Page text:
Week 57 total expenses: $957.69 it’s up there, but still under budget.

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That’s a wrap for Week 57 of the Lap of the Map.

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Week 56 | Snug to Dunalley

Day 386: Snug to Bruny Island

Summer in Tasmania…waking up this morning it’s only 7 degrees. It’s rained on and off all night, however it’s a light sprinkle compared to Mission Beach rain events.  I had a great photo this morning from my sister Julie who reads my blog and shows my photos to Mum who is vision impaired. Mum has a budgie called Peta and this morning while Julie was reading the blog Peta was listening as well sitting perched on top of the iPad. That photo made my day today – thanks Jules!

We are heading over to Bruny Island for a few days and by the time we are loaded onto the ferry it’s climbed to 8 degrees and the wind is blowing a gale.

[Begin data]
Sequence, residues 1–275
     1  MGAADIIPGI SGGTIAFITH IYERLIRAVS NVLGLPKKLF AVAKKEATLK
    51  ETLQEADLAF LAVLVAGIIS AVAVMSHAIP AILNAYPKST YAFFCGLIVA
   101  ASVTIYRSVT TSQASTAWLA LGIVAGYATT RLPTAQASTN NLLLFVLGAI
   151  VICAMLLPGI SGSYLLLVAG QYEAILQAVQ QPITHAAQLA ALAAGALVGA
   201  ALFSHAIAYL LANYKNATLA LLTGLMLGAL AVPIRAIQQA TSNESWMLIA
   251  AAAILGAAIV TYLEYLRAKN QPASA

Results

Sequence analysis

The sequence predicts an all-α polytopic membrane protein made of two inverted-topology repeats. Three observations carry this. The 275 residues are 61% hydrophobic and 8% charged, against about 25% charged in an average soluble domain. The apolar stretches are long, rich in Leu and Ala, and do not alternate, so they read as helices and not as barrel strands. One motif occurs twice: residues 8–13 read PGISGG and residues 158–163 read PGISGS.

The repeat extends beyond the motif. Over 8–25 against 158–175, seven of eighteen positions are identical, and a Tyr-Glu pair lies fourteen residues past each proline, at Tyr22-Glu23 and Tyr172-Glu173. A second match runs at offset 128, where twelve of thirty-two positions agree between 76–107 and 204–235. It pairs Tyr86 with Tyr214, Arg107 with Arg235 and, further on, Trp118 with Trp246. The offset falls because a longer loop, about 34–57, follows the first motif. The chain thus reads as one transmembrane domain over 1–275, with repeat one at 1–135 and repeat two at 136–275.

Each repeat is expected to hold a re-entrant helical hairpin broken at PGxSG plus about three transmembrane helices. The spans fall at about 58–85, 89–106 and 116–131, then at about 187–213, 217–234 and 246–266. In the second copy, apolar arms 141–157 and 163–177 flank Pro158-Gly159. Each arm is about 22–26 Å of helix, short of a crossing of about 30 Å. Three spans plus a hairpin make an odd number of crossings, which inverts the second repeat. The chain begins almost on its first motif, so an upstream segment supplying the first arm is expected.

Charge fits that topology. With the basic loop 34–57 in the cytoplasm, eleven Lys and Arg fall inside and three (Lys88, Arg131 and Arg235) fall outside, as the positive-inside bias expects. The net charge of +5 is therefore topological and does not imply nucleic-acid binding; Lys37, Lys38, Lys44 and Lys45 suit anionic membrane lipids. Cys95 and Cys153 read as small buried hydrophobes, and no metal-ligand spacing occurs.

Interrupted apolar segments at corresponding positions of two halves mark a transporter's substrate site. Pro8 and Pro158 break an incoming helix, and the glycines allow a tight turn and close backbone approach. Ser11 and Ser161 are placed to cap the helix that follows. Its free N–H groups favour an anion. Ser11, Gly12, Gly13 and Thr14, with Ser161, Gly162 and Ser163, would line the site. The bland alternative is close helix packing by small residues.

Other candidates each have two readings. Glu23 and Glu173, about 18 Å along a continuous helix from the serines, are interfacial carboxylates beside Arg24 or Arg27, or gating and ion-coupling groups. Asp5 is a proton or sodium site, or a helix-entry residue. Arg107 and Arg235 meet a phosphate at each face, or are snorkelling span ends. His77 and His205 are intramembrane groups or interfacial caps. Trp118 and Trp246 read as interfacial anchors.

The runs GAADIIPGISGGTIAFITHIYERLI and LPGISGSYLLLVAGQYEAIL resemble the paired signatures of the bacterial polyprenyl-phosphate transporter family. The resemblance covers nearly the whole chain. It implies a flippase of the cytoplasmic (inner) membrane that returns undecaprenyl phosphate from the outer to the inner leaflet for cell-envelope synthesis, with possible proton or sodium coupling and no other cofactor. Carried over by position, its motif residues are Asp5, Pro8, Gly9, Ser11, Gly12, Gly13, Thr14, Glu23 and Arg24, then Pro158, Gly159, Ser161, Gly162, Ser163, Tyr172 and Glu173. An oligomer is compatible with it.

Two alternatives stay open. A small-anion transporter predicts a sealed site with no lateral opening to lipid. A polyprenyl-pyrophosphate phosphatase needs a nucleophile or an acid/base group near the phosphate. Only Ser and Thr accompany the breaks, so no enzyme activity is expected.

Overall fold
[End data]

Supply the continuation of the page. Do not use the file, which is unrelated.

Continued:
The ferry across only takes 20 minutes and it’s a very smooth crossing. $85 return for the car and caravan is quite reasonable. We’ve decided to free camp behind the Bruny Island Hotel and it’s looking like we’ll have a few cold nights to snuggle up together with no power. Staying at the back of the pub is by donation as the Council cracked down on them for charging campers to stay.

We set up and head out to Adventure Bay to check out where we catch the jet boat tomorrow. It’s about a 30 minute drive along a windy road and then the rain begins to fall. We weren’t sure if sleet or hail was beginning to fall on us but thank heavens it was fairly brief.

Adventure Bay is very picturesque and one of the main townships on Bruny Island. There is also a caravan park there, however, the reviews on WikiCamps were terrible hence deciding to free camp for a few nights.

Back at the van for lunch and a warm drink and then we head further south to Cloudy Bay. I manage a quick photo before the rain begins to fall again. The rest of the afternoon is spent back in the van out of the cold, wind and drizzly rain. While Andrew was walking Cinta another caravanner alerted him to the view of Hartz Mountain with snow on it! Of course I had to get a photo, as we were only there last week walking out to Lake Osborne. The temperature is slowly dropping, we’re all rugged up and ready for a cold night.